Alberto today, Beryl tomorrow. Will the next big storm have your name?

Patrick J. McDonnell, Los Angeles Times on

Published in Lifestyles

Meteorologists dubbed it "Alberto," the first named storm of the 2024 Atlantic and Gulf of Mexico hurricane season.

Alberto made landfall as a tropical storm Thursday near the Mexican port of Tampico, causing floods and at least four deaths.

Why was it called "Alberto"?

That happened to be first on an alphabetical list of names for prospective 2024 storms compiled by an international committee of the United Nations' World Meteorological Organization. Name-givers adhere to a policy of diversity of gender and language — while seeking easy-to-pronounce monikers to identify storms. Alberto was first this year; in 2025, Andrea is atop the list.

Following Alberto, the next in line for 2024 are:






















The naming of storms goes back centuries, but experts say it was long a haphazard process — tempests were usually named only after causing disasters.

In the 19th century, if a damaging storm struck on a Catholic saint's day, it would get the saint's name, the National Hurricane Center notes in a brief history. For instance, an 1825 hurricane that devastated Puerto Rico was named Santa Ana because it hit on July 26, the feast day of St. Anne.

"As weather forecasting developed into a science, storms were identified by their latitude-longitude," the World Meteorological Organization says in a fact sheet. "However, using short, distinctive names — in written and spoken communications — proved quicker and less subject to error."

The practice of naming hurricanes after women goes back to at least the late 19th century, according to the National Hurricane Center. The custom was common among U.S. Army and Navy meteorologists who watched storms over the Pacific during World War II. Male names for hurricanes were introduced in 1979, alternating with traditionally female names in the case of Atlantic and gulf storms. The names, a mix of English, French and Spanish monikers, have no link to any individuals, officials stress.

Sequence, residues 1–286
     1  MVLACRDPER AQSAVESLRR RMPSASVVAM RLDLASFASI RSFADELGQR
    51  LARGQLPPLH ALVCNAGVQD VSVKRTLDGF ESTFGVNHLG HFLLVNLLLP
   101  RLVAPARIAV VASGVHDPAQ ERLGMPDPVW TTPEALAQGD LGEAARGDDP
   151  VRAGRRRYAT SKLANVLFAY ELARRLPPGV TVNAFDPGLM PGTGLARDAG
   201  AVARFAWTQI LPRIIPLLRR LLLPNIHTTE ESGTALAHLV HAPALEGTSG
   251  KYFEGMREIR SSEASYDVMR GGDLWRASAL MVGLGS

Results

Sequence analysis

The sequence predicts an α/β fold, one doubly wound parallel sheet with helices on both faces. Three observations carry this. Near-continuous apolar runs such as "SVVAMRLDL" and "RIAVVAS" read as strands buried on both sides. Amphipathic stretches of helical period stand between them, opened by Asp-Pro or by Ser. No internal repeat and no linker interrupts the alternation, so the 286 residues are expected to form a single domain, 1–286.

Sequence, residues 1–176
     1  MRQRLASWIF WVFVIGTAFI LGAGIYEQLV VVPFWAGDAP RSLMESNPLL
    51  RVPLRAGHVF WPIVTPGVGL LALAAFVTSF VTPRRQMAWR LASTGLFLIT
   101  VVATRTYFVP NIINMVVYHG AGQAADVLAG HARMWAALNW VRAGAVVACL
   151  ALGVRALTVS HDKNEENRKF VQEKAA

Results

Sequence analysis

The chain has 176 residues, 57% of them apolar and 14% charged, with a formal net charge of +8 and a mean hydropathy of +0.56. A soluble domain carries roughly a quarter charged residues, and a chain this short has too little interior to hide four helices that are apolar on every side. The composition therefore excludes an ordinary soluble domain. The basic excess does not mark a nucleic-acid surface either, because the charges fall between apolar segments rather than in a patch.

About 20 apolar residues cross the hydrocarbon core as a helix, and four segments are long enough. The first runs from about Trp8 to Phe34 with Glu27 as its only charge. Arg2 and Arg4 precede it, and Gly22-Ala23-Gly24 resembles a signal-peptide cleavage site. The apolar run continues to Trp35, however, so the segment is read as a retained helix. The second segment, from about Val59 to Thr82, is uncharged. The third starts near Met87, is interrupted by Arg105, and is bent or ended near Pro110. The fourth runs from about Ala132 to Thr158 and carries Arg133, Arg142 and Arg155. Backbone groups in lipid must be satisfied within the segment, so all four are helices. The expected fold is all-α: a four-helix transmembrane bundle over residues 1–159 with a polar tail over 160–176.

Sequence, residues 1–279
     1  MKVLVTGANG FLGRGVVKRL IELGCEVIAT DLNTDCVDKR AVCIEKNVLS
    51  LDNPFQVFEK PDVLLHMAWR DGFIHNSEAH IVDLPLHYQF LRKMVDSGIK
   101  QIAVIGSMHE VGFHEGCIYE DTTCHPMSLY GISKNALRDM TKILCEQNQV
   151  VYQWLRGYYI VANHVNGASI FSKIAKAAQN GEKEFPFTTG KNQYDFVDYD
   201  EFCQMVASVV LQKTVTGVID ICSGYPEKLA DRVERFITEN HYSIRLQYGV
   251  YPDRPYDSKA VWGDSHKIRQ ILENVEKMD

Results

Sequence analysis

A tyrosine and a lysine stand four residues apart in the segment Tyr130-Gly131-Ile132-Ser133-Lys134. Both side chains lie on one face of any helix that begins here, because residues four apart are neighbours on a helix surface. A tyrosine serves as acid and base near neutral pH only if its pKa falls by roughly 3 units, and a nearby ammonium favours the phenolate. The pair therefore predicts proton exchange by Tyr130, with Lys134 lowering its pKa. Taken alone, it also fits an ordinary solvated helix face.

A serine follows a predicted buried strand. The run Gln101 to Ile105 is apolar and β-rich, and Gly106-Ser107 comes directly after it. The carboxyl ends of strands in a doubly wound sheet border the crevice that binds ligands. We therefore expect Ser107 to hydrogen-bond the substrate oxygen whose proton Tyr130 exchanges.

The objective is to avoid confusion and be able to identify storms accurately, said Susan Buchanan, spokesperson for the National Weather Service.

"The goal of naming hurricanes is to help people communicate, understand and remember them," Buchanan said in an email. "Names must be short in character length for ease of communication, easy to pronounce, have appropriate significance in different languages, and be unique to the region."

Atlantic and gulf hurricane names are selected in a six-year rotation that repeats every seventh year, so Alberto may return in 2030. Lists of approved names for the Atlantic are already set through 2029, as experts warn that climate change could bring more storms — potentially of more calamitous magnitudes.

With near-record-high ocean temperatures in the Atlantic, forecasters at the National Oceanic and Atmospheric Administration are predicting a worse-than-usual 2024 hurricane season, which runs from June 1 to Nov. 30. Experts expect 17 to 25 named storms — those with winds of 39 mph or higher. They forecast that eight to 13 will become hurricanes, with winds of 74 mph or greater, and that four to seven of those will reach Category 3 to 5, with winds of 111 mph or higher.

Some hurricanes have been so deadly or destructive that their infamous names will never return. Andrew (1992), Katrina (2005), Sandy (2012) are among the many formally "retired."

And don't expect to have a storm bearing your name if it begins in Q, U, X, Y or Z. Just not enough snappy names beginning with those letters, the prognosticators say. Sorry, Quintin and Zara.

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